Recently I was considering what kinds of nut trees I could grow at home. I was disappointed to find out I ought to scratch Macadamia nut trees off the list since they are frost tender, so not really suited to our place. But then, how happy was I to discover, that there are some well-established orchards not too far away near the coast of Thames.
Mark and I are keen to source local, and we were lucky enough to get a tour around ‘Top Notch’ orchard to see how their Macadamias are grown and processed. What I loved about this place was that every part of the nut is used: from the nut itself – in its pure form or with added flavours, processing the nut to make high quality oil, meal and nut butters, to using the husks as mulch.
Macadamia nuts are wee balls of energy (720 – 740 kcal/100g) which makes them one of the highest nuts for calorific value. So a good option to take hiking. Like most nuts, macadamia nuts are high in fat – about 76% fat. But the fat in macadamias is the good kind (such as oleic acid and palmitoleic acid) that help lower heart disease and stroke risk. Macadamia nuts have a small amount of protein (~ 8%), but contain around 7% fibre of which some is soluble and some not so macadamias are a good source of roughage and can help promote feelings of satiety. The nuts are rich in many important B-complex vitamins that are vital for metabolic functions. 100 g of nuts will provide 100% of your daily thiamine requirements, 15% of niacin, 21% of B-6, and 12% of riboflavin requirements. They are an excellent source of minerals such as calcium, iron, manganese, magnesium and zinc too. That 100 g of nuts will also provide 3.6 µg of selenium – which is a cardio-protective trace element, again, keeping that heart healthy.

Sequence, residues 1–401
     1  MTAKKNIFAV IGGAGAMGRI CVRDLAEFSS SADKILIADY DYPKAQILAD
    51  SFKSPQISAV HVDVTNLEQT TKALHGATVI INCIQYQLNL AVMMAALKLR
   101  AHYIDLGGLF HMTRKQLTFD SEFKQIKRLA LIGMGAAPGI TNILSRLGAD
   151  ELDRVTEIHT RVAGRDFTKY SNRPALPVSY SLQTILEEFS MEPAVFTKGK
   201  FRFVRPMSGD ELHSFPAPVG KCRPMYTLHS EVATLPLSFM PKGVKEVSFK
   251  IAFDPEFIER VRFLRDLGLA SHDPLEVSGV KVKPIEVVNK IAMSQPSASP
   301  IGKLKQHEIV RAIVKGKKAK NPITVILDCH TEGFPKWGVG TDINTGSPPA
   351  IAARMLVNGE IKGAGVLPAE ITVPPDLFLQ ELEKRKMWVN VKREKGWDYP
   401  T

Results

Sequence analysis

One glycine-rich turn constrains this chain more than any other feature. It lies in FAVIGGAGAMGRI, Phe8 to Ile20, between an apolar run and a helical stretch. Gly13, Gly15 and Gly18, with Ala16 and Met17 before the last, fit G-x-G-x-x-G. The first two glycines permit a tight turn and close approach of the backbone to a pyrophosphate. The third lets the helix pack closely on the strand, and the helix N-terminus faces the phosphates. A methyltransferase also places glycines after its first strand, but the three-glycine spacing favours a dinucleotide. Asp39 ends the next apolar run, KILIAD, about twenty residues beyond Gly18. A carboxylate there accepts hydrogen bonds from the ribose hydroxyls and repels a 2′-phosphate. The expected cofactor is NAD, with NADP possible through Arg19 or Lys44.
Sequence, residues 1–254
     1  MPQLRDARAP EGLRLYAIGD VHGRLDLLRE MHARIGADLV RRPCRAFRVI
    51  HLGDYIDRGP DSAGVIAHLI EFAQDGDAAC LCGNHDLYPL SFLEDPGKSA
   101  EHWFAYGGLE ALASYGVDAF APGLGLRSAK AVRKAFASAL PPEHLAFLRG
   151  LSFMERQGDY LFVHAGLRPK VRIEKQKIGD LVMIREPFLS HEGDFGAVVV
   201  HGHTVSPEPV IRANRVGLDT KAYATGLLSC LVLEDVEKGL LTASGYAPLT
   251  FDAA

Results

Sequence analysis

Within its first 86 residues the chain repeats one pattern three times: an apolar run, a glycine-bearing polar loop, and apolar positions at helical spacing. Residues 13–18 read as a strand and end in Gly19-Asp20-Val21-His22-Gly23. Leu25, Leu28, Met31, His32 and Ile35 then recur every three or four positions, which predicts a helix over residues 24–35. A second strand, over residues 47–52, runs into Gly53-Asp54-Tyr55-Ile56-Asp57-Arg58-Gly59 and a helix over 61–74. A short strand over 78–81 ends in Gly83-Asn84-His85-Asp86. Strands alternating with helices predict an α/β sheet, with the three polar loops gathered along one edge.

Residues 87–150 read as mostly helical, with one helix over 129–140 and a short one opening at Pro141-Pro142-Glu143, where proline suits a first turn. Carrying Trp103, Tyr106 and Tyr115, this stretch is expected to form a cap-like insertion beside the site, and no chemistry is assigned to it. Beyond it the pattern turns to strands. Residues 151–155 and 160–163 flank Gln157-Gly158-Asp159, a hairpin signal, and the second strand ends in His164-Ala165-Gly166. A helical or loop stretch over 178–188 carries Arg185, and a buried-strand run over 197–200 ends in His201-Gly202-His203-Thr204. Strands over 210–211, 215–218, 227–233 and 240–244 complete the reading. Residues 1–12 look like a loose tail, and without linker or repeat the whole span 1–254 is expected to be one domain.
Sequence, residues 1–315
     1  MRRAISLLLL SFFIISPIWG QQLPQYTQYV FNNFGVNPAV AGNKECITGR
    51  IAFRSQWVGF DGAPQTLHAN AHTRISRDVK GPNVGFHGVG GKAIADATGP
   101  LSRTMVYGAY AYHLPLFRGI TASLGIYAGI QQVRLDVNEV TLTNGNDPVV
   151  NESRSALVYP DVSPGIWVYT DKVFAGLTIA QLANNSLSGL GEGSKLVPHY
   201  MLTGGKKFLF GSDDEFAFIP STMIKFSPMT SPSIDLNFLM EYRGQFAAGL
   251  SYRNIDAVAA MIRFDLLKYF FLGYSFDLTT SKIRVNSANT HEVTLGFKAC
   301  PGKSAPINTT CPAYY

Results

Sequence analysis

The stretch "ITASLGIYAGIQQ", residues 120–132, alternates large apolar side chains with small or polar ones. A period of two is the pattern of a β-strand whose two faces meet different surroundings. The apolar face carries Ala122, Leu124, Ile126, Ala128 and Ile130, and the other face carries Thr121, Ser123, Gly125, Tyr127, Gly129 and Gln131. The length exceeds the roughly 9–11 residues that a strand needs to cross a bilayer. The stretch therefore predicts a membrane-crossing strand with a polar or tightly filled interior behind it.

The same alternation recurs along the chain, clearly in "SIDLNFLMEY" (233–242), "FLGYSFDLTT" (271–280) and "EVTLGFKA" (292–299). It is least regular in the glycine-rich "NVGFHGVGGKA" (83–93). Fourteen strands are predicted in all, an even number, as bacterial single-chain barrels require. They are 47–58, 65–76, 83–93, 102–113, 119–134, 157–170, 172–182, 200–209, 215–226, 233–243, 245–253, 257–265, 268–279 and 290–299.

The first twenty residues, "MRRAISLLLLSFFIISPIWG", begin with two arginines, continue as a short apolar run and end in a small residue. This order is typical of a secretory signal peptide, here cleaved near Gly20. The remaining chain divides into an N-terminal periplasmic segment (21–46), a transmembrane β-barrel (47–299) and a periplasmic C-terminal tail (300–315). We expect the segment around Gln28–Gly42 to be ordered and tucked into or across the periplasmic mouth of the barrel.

Macadamia nut interesting stuff:
Macadamia trees are native to Australia, and are known by several other names in Australian Aboriginal languages such as bauple and boombera. Allegedly … the botanical name Macadamia was given to them by a botanist (Baron Ferdinand von Mueller) who named the tree after his friend, Dr. MacAdam. Sadly (ironically), Dr MacAdam died on board a ship that was en route to visit his friend Ferdinand and to taste the very nut named after himself….
Shop macadamia nut products:
Smoke and spice macadamia nuts … and more!
PS: we ended up planting an almond tree, so I can write about harvesting that in, say … 15 years…